Last weekend I read a fascinating article by Prof. Gerard Magliocca of the Indiana University School of Law entitled Blackberries and Barnyards: Patent Trolls and the Perils of Innovation, 82 Notre Dame L. Rev. 1809 (2007).
Prof. Magliocca compares 19th century problems with "patent sharks" to today's problems with "patent trolls" and suggests the only politically acceptable path out of today's problems may be the path taken out of the 19th century problems, i.e. elimination of the class of patents that triggered the problems. He provides tons of interesting context, but here's one of his proposals,
If the historical parallel between sharks and trolls rings true, then the obvious implication is that repeal is the only real answer to the troll problem. This is does not mean that we should wipe out all technology patents. A more discriminating approach would focus on the most problematic of these patents, which deal with software and business methods. Critics of the recent expansion of patent subject matter into these areas might describe this “experiment” as a disaster on a par with the design patent fiasco of the 1860s.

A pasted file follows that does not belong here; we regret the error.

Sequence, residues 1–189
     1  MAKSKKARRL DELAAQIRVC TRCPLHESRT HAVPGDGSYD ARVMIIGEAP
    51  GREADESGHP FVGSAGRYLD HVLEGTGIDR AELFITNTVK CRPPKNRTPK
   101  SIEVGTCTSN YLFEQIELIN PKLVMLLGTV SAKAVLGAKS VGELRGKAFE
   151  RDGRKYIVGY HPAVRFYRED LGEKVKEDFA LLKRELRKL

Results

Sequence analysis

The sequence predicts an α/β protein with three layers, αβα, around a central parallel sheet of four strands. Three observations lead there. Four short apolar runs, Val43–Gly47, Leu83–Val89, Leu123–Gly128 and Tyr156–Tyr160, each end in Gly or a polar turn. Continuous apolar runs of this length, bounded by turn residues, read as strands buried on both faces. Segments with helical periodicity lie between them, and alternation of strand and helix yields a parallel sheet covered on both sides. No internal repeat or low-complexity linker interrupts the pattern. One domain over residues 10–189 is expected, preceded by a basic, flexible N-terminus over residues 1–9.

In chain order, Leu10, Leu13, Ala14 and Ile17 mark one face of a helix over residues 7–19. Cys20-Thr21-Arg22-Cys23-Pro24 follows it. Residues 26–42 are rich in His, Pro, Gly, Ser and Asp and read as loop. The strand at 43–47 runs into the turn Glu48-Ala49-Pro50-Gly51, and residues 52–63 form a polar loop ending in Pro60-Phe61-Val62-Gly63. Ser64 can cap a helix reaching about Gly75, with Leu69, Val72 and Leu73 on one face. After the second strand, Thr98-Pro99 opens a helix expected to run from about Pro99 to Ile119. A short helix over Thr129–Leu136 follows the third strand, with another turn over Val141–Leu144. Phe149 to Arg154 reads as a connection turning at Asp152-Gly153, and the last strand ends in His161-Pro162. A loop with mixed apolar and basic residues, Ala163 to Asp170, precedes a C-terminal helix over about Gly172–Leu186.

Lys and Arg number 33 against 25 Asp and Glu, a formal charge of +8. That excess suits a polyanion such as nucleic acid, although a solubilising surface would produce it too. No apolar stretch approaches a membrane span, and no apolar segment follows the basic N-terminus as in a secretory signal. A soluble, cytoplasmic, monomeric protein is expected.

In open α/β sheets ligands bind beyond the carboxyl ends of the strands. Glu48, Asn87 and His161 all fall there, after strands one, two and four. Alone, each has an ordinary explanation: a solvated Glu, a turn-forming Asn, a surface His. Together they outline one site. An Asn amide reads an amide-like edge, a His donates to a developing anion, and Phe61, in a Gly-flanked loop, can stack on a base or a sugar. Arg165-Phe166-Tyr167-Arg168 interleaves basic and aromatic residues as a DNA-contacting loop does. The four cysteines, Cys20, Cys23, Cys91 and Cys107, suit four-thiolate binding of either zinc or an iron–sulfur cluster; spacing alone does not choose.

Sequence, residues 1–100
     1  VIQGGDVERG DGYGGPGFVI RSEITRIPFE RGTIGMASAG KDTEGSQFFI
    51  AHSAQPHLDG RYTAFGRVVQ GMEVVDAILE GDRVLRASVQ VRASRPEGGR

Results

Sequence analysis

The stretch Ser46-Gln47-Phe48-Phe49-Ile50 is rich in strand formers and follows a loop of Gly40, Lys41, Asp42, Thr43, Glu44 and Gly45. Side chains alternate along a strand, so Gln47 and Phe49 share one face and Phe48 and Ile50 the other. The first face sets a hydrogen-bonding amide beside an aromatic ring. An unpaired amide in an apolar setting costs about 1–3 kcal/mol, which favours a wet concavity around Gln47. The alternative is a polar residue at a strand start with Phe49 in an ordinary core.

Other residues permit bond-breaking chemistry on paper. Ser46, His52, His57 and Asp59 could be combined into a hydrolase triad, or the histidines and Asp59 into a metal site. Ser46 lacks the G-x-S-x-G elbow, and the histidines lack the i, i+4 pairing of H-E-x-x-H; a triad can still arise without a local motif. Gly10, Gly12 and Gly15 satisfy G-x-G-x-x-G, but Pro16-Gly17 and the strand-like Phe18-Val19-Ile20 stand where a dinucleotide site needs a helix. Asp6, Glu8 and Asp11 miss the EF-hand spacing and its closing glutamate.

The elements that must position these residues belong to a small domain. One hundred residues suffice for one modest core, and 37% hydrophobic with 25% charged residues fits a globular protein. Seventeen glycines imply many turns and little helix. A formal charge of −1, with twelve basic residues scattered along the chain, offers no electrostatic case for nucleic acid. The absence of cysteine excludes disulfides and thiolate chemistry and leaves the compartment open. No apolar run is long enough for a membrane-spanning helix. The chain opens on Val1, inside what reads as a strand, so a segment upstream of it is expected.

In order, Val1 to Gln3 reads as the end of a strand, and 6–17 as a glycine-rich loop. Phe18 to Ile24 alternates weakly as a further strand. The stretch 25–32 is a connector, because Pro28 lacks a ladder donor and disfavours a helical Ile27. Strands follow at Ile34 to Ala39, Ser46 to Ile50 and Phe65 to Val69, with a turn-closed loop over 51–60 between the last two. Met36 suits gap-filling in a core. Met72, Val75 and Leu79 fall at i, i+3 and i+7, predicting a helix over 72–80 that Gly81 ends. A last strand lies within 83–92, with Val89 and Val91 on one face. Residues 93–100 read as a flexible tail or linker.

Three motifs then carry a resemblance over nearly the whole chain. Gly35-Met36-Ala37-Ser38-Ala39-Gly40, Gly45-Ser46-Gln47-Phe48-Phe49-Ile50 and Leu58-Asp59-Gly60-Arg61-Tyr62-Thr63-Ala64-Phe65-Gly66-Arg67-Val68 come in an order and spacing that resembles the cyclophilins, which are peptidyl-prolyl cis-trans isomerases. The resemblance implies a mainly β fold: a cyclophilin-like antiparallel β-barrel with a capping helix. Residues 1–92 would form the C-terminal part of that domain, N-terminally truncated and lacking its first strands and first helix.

Among the background I found most interesting was the nature of the arguments in the 1880s. Many put the blame on the "reckless methods of the patent office." Sound familiar?
And, just as today's Biotech industry is opposed to any patent reform, the 19th century had powerful advocates for the status quo, including Thomas Edison, who argued that any revision of the patent statues would "strongly tend to discourage and prevent perfection of useful inventions by those most fitted for that purpose..."
Yes, it's sixty pages (double spaced) with tons of footnotes, but if you skip the footnotes and skim the text, there's plenty here to interest any engineer who's had occasion to learn the words "patent troll.".